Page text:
University of Florida

Termites in Mulch?

Rumors have spread on the Internet concerning termites being spread throughout the country by large chain stores via bags of landscape mulch. Get the facts here.

Survival: Unlikely

Termites can be found in mulch, but the likelihood of their survival is poor.

  1. The ability of the termites to survive the chipping process to create mulch is not good.
  2. Once separated from the colony, their ability to survive further decreases.
  3. Even when termites are found in mulch, termites are not as likely to be sustained by a diet of mulch as by their normal diet.

A bigger risk to structures is from termites already established in your yard.

Transportation Through Wood Chunks

Another problem more common than termites in mulch is their spread through the transport of large chunks of wood--such as railroad ties used in landscape or salvaged timbers from razed structures--that contain enough Formosan subterranean termites to sustain reproductive forms.

Incorrect Mulch Use & Termite Infestations

This is not to say that termites are not found in association with mulch. Mulch does contribute to termite infestations, but not because invasive species are spread with it. Mulch increases the ability of termites to survive where they are already established by keeping the soil moist and temperatures moderate.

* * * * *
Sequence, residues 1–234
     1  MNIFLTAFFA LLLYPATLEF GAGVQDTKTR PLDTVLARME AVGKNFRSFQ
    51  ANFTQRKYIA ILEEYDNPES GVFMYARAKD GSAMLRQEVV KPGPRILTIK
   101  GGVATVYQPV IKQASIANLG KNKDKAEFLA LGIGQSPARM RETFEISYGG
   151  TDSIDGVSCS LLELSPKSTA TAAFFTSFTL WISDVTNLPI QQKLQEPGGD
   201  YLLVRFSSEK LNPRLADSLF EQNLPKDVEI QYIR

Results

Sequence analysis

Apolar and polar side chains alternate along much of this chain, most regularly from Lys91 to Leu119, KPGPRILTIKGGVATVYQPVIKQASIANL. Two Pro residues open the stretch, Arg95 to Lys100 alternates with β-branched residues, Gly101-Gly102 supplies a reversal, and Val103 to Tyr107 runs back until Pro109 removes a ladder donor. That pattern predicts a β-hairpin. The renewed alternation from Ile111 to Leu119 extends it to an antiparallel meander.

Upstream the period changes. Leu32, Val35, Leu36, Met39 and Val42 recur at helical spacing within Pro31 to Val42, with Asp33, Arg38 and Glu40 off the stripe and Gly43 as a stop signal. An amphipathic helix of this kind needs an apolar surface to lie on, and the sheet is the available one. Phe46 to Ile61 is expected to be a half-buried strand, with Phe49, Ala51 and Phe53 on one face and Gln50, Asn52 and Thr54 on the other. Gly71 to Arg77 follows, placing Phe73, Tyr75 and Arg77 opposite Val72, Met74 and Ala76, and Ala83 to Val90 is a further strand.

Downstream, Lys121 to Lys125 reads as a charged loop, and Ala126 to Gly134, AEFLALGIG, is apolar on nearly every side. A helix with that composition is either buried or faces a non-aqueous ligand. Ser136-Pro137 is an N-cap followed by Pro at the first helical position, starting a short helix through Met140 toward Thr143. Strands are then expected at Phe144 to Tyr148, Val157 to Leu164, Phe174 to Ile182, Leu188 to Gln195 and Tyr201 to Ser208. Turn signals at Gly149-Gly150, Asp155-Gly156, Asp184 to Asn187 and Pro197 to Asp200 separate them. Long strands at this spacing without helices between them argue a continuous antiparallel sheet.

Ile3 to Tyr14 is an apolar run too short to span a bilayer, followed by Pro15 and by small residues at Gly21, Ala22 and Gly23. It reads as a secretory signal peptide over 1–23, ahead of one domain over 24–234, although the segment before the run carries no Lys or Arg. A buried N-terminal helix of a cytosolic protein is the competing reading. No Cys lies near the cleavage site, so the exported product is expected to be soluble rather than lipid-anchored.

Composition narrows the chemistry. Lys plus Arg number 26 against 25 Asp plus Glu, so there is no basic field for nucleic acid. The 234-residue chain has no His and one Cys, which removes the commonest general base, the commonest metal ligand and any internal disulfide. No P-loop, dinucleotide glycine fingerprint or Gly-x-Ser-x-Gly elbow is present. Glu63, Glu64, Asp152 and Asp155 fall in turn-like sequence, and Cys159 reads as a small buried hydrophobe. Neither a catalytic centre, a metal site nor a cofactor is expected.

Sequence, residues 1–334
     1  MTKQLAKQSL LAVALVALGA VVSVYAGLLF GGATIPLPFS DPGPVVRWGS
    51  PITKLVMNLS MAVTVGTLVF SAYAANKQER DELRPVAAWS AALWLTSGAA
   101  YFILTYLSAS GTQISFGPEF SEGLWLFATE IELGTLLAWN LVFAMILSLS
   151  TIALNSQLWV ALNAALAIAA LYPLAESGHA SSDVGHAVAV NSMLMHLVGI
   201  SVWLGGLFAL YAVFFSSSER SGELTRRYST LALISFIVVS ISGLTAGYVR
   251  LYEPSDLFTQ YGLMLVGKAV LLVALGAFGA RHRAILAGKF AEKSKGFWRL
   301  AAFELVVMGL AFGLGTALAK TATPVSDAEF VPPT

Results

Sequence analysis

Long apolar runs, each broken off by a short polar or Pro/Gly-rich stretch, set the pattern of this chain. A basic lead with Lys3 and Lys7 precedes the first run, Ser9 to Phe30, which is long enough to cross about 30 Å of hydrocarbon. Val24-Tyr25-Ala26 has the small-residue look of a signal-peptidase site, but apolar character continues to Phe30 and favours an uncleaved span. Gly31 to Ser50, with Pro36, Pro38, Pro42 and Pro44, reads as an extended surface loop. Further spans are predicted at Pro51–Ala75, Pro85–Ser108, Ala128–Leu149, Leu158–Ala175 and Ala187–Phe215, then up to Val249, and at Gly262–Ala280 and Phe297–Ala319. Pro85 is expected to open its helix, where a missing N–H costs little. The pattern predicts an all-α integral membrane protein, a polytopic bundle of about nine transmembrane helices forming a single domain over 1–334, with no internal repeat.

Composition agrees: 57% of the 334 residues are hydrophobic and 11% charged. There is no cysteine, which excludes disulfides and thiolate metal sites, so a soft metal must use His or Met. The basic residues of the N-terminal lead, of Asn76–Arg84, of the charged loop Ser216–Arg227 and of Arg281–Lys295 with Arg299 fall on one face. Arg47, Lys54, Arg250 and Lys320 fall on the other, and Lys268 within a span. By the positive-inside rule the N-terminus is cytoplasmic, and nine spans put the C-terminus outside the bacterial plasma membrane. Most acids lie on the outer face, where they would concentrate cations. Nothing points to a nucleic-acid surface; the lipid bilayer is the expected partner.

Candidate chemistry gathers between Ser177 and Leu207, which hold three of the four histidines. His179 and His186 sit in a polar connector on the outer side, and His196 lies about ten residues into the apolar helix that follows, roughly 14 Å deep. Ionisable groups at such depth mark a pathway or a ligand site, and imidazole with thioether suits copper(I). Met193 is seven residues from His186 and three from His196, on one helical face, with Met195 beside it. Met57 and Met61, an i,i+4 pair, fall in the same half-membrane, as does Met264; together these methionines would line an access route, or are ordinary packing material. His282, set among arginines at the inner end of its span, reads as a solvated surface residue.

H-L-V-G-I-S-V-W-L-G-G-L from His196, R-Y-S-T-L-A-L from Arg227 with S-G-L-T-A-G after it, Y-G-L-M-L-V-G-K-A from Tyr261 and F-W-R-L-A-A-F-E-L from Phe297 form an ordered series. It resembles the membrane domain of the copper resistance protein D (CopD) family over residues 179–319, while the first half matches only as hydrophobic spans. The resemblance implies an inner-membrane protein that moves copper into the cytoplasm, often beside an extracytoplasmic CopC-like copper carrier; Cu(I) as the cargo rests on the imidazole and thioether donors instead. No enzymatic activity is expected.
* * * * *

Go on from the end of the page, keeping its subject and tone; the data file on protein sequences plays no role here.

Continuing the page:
Mulch laid too thickly (>4–6") can also provide a bridge over the treated perimeter of a house, allowing termites to walk over from landscape to house and avoid contact with soil treated with termiticides.

Using Mulch Properly

Mulch is useful in keeping mud from splashing up against a house. If mulch is part of your landscape, it is recommended that a thin layer (<2") of mulch be placed within twelve inches of the foundation to allow the soil beneath to naturally dry. Desiccation is the termite's worst enemy. Also avoid watering next to foundation walls.

Finally, maintain termite protection measures for your house. Protection measures most commonly include soil treatments, bait systems, or wood protection measures. (Remember to use a licensed and reputable pest control company.) Also, avoid wood-to-ground contact, and store mulch off the ground.

For more information about integrated pest management (IPM), visit IPM Florida.

Adapted from:

The Facts About Termites and Mulch (ENY-832) by Faith M. Oi and Marsha Wheeler. Published by: Entomology and Nematology Department (3/2007).


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